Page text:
How do we keep warm?

08 May 2011


How do we keep warm?


We put this question to Professor Roger Thomas, from the University of Cambridge:

Roger - I'm Roger Thomas, a Professor of Physiology in the University of Cambridge and I do lecture to medical students on thermoregulation. What we should start with is saying that we're all producing heat all the time by the chemical processes in our bodies. For example, the heart, pumping blood around the body, uses energy derived from glucose, and the mechanical energy from glucose is produced with waste heat. So all the time the heart is working, it's producing excess heat. All the other chemical processes going on in the body, digesting food, thinking and so on, the amount varies, so after a heavy meal you produce a lot more heat as you digest it than normally.

I expect the question you really want to know about is producing heat when you need more than normal. There are two mechanisms there. One will be very familiar to most of you - shivering. This involves involuntary contractions of large muscles which generates heat wastefully, as it were, but in this case you need the heat to keep warm. The other mechanism is known as non-shivering thermogenesis, or heat produced by mechanisms other than shivering. This primarily involved brown fat. These are cells in patches of tissue all over the body, particularly near the heart, in the shoulder blades and so on, which are very important in newborn babies, who have a lot of trouble regulating their body temperature. In adults it's also found, although this has been controversial, and this works by simply burning glucose to produce heat rather than any other form of energy. It's a 100% heat production process, and this tissue is located near blood vessels, so it warms up the blood and warms the whole body.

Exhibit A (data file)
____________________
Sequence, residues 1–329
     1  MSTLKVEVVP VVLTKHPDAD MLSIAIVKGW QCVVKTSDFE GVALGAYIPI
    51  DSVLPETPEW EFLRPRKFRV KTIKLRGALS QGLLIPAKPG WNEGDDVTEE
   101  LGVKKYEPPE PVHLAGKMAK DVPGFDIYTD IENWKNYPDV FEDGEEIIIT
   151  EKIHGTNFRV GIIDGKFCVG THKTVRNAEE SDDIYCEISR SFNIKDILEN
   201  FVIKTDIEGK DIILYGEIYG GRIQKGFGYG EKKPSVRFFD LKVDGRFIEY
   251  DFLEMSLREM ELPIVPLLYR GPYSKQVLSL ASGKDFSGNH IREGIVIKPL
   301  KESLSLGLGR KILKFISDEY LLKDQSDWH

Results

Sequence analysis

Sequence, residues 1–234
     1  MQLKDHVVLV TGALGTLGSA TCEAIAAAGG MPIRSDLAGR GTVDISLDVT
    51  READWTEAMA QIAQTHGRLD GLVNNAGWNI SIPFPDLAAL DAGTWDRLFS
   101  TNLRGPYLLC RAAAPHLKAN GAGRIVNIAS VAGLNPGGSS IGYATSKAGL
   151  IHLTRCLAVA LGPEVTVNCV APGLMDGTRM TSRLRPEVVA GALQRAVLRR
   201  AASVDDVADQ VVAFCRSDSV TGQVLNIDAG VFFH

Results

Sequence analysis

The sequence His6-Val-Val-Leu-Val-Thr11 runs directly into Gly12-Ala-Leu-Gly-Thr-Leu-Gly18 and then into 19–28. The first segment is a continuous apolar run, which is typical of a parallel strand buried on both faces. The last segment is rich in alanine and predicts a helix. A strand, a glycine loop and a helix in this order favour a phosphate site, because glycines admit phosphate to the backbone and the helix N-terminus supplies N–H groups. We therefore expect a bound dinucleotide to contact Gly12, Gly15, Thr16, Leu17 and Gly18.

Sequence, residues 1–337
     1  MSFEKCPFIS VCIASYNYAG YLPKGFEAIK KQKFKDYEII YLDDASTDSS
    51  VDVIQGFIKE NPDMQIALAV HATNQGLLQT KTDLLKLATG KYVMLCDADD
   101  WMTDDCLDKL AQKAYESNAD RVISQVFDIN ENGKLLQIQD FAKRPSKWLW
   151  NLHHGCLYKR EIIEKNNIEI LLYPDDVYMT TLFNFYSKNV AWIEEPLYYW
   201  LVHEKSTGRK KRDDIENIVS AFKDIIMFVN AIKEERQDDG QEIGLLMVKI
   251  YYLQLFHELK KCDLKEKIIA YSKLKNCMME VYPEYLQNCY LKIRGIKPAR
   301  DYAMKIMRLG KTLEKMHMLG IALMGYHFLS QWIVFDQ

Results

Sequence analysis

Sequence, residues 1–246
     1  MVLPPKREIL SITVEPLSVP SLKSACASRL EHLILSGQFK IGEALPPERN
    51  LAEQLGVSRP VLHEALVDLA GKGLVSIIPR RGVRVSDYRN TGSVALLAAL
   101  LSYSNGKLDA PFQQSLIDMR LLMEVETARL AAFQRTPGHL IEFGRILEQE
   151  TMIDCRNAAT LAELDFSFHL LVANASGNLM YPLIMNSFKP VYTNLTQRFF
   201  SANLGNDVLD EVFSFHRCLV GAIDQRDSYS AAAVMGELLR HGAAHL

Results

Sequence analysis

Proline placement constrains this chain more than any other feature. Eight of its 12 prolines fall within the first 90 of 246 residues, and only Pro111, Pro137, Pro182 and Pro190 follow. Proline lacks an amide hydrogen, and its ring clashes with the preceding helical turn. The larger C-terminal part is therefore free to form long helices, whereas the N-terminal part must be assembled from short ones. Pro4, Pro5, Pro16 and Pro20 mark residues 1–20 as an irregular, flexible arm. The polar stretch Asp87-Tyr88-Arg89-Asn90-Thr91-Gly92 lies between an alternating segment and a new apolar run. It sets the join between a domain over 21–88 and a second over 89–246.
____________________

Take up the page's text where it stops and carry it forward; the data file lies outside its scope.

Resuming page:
Diana - Brown fat is great for burning glucose and producing heat. It has been hypothesised that people who live in houses without central heating tend to have higher proportions of brown fat.

But then, central heating is another form of thermo regulation - along with clothes and blankets.

And a paper published in Obesity Reviews in January actually showed evidence that living in warmer houses is contributing to obesity - and this could be related to reduced proportions of brown fat against white fat.

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